As the paint was drying I plugged the AV-30 in to test the electrical connections. I also plugged in the pitot line and did a syringe pressure test on the pitot tube to make sure there were no leaks and the I had airspeed indication. After the paint was dry I installed the avionics back into the panel. I put the panel back in its place and reconnected all of the cables.
I turned on the master switch and wow it looks great!
This instrument has a lot of options to configure and will make a great stand alone item or a backup to my main screens.
Now time to fly!
Our first big cross county flight of 2021! We both had time off so we decided to fly to Lakeland Florida for the annual Sun N Fun fly-in. Like many other events of 2020 this was canceled due to COVID. Our trip started on Monday flying from our home airport Poplar Grove IL (C77) to Jasper GA (KJZP). The stop in Jasper got us some cheap fuel and great BBQ at the world famous Bub-Ba-Q.
This is a nice small airport just north of Atlanta with a great staff and a free crew car. The next leg was from Jasper GA to St. Augustine FL (KSGJ) for our overnight. We both had been here before and love the fun vibe this town has. We stayed down on the bay front at the Pirate Haus Inn, a fun little hostel style hotel right in the middle of the restaurant and bar area. We had a great seafood dinner at Harry’s and enjoyed the fun city that night.
The next morning we ate a nice breakfast at the Maple Street Biscuit Co., highly recommend that place. While at breakfast we went over the arrival procedures one more time for the flight into Sun n Fun. This arrival like OshKosh have several ground references you need to be aware of and direction of flight when reaching said points. Air traffic control works from remote stands and visually identifies each airplane. They communicate via radio but you don’t talk back unless requested to do so. We finished up breakfast and bribed one of the guys working table clean up to give us a ride to the airport for $40. What we have found was that rental cars are a rare thing nowadays apparently the companies sold many of the cars during the pandemic and now have a shortage. Uber wasn’t available as the amount of drivers has also shrunk. After arriving at the airport and fueling up the RV we made a quick departure out of St. Augustine. The trips south took us west a ways to avoid some restricted airspace then straight south. We stayed low at 1500′ above the ground all the way down. As you get closer to the airport the amount of arriving traffic increases a lot. Tricia and I both had our heads on a swivel looking for conflicts as we approached. The procedure is to fly to a power plant that is on the northern edge of lake Parker. From there you will be visually identified by ATC and asked to rock your wings as a confirmation that you are hearing them. They can either request you fly a circle around the lake in a holding pattern when its really busy or send you on your way to follow the outlined procedure. We were lucky that it was not that bad when we arrived and they sent us westbound. We got in line behind another aircraft and tucked up behind them at a 1/4 mile behind. Flying westbound your landmarks are to find I-4 and follow it southwest until you see a water tower that looks like a wedding cake just west of a golf course. Thats your cue to turn directly south and monitor the tower frequency. They will now call your turning points as you approach the runway. Unfortunately we wrote the frequency down wrong and didn’t hear any communications from them. Tricia scrambled and like a champ found the correct one off the paperwork and we got that plugged in to the radio. This isn’t that big of a deal as they are used to non radio aircraft flying in and would expect them to follow the procedures. If I broke that approach off and started flying in a different direction I would probably cause more issues. As we turned on the final leg they tell you what spot to land on, in our case they said welcome to Sun and Fun land on or after the orange dot. These dots, green then orange, allow them to break the runway, in our case 9 left which is normally a taxiway, into two runways where they can land several planes at once.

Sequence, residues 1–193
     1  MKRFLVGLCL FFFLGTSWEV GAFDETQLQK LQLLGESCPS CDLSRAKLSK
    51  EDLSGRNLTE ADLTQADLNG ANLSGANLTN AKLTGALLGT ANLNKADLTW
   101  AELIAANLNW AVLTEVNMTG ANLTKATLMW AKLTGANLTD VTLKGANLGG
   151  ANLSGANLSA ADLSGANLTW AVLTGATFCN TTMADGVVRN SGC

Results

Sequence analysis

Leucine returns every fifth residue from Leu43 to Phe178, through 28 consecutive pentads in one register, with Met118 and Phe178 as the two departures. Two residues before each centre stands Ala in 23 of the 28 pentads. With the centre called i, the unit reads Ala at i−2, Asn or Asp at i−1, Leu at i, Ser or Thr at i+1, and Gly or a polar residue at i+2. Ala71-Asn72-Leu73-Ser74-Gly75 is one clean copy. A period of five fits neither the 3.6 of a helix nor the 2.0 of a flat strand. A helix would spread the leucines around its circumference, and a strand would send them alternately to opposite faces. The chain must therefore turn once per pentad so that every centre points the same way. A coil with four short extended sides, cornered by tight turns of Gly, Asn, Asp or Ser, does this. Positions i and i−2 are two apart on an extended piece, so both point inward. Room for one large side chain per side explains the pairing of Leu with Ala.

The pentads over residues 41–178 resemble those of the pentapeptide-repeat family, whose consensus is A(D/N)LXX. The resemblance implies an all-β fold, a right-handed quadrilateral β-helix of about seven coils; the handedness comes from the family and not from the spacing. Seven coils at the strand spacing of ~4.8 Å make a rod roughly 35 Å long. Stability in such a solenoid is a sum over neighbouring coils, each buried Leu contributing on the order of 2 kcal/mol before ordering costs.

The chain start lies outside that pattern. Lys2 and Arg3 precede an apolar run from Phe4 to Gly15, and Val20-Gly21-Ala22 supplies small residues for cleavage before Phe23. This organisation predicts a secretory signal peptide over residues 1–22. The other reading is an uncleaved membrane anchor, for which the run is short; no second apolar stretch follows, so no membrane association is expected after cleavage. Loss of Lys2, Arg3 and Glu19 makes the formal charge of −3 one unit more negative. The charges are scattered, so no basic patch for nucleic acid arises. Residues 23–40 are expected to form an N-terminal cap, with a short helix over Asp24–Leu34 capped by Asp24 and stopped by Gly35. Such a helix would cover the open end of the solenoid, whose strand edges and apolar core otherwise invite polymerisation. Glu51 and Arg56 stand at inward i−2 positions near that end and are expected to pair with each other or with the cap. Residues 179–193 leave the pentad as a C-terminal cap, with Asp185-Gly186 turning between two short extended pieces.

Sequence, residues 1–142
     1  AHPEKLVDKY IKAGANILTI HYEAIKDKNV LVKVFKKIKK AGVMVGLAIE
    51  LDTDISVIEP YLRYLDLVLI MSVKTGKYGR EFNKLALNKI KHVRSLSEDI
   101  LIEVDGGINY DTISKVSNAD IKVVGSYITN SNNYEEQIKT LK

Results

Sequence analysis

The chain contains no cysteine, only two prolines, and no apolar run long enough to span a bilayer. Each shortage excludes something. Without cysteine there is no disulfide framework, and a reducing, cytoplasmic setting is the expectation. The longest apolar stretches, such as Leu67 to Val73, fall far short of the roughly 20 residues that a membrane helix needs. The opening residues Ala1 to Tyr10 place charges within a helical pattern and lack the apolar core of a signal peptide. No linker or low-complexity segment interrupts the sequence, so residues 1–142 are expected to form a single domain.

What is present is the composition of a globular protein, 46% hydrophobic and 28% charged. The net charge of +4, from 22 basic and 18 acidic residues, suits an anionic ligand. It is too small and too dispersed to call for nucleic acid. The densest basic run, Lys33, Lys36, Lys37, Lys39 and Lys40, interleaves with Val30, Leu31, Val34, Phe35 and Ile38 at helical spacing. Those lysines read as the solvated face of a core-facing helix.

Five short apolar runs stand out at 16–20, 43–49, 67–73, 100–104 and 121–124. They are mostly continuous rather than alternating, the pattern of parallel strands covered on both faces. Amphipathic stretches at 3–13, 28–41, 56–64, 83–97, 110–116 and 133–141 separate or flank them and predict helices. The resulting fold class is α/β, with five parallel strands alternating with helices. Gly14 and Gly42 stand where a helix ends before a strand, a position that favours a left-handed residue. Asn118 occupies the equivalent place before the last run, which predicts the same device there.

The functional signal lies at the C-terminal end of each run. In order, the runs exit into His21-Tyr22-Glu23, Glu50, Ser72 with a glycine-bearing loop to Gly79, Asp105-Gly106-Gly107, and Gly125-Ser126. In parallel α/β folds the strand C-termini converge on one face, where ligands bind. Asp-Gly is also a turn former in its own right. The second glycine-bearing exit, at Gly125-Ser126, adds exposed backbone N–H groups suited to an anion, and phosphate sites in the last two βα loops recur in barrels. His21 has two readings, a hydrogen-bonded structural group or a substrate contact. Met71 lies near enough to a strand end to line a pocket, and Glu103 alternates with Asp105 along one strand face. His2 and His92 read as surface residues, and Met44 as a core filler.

Once on the ground you use signs to let the ground personnel know where you want to go, in our case we were headed to the homebuilt aircraft camping and our sign said HBC to alert them. Tricia had a sign to hold up along the side of the canopy and I had one to put in the windshield.